In Florida, plaintiff’s counsels routinely file motions to compel appraisal. Some trial judges were granting these motions without any consideration of the insurance carriers’ affirmative defenses related to an insured’s failure to comply with the policy’s post-loss obligations.
In 2011, the Third District Court of Appeal, covering the counties of Miami-Dade and Monroe (including the Florida Keys), further clarified that trial courts, as a condition precedent to appraisal, must conduct an evidentiary hearing to determine whether the insured has complied with his or her post-loss obligations.
While many Florida property insurance policies now require mutual consent before a claim may proceed to appraisal, for years, most policies contained the following provision: “If you and we fail to agree on the amount of loss, either may demand an appraisal of the loss.” If the policy contains this language or something similar, the parties will likely be required to proceed with a hearing.
Two critical cases on this subject are Citizens Property Insurance Corporation v. Mango Hill Condo Assoc., 54 So.3d 578 (Fla. 3d DCA 2011) and Citizens Property Insurance Corporation v. Gutierrez, 59 So. 3d 177 (Fla. 3d DCA 2011).
Mango Hill, supra, held that as a preliminary matter a request for appraisal is not ripe unless and until the policy’s post-loss duties have been met.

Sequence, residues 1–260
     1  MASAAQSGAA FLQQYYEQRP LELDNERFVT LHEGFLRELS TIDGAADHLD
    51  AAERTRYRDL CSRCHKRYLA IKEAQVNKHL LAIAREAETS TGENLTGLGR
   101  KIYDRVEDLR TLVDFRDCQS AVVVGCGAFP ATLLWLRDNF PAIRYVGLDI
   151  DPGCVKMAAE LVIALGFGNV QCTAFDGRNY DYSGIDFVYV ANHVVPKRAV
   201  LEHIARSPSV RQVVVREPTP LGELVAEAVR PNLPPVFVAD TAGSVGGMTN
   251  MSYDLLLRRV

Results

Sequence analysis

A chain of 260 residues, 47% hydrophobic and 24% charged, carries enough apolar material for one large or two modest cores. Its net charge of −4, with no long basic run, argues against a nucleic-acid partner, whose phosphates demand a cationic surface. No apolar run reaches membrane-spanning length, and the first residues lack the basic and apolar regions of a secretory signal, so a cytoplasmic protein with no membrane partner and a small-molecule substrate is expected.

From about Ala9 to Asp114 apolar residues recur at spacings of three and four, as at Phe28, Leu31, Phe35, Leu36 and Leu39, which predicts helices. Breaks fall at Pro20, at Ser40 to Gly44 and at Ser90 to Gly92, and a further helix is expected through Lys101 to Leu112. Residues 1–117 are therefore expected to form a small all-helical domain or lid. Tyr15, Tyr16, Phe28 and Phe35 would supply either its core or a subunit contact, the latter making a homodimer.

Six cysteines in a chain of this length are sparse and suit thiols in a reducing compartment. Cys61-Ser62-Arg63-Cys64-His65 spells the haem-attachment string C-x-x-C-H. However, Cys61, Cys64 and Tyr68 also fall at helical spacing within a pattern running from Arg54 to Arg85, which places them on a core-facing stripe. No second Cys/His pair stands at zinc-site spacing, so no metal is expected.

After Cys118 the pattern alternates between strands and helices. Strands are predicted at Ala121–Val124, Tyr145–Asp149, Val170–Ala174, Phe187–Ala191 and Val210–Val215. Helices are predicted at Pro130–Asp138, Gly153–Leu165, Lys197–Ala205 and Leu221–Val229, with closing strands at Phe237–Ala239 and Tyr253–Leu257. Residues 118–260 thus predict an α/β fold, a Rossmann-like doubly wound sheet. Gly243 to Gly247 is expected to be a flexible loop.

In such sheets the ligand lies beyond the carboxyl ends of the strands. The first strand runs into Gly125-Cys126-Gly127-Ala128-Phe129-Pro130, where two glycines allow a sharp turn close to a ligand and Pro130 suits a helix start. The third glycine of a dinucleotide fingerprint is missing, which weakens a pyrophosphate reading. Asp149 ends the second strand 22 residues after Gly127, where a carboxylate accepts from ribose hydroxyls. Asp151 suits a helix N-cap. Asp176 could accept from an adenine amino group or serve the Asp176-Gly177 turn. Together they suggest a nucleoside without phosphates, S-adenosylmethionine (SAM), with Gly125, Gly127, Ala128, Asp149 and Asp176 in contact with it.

In Gutierrez, supra, the Third District held that the trial court must conduct an evidentiary hearing to determine [i.e. the scope] whether the insured complied with the policy’s post-loss conditions. The court was clear: “[t]he insured must comply with all of the policy’s post-loss obligations before the appraisal clause is triggered.” Despite what appears to be self-evident, plaintiff’s counsels continue to insist that because the hearing is the result of their motion to compel, the post-loss duties are a secondary issue.
The predicate of any debate will always drive the analysis and the evaluation of the evidence. For this reason, having the trial court determine, at the outset, the threshold question it is required to answer is critical.
Irrespective of how or why the evidentiary hearing is held, Florida courts have made it abundantly clear that the question the trial court is required to answer is whether the insured complied with all post-loss obligations. However, plaintiff’s counsels typically pose the threshold question quite differently – “when did the insurance carrier know that a disagreement as to the amount of the loss exists?” Doing so allows plaintiff’s counsel to try and step around and avoid dealing with the insured’s post-loss duties.
The controlling authority is clear. If the insured fails to comply with any single post-loss duty, then appraisal must be denied, and importantly the Court never gets to the secondary question plaintiff’s counsels wish the Court to answer. Likewise, if the Court finds that the insured did comply with his/her duties, then the trial court can examine the evidence to determine if the carrier knew that a dispute regarding the amount of the loss existed.
What has been helpful has been to ask the trial court to identify in its order which question the court is actually answering – a clarification of great value and benefit to both insurers and their insureds.
Jorge L. Cruz-Bustillo, is a senior commercial attorney with The Barthet Firm, www.barthet.com, overseeing the firm’s insurance defense practice. Please direct communications to firstname.lastname@example.org.
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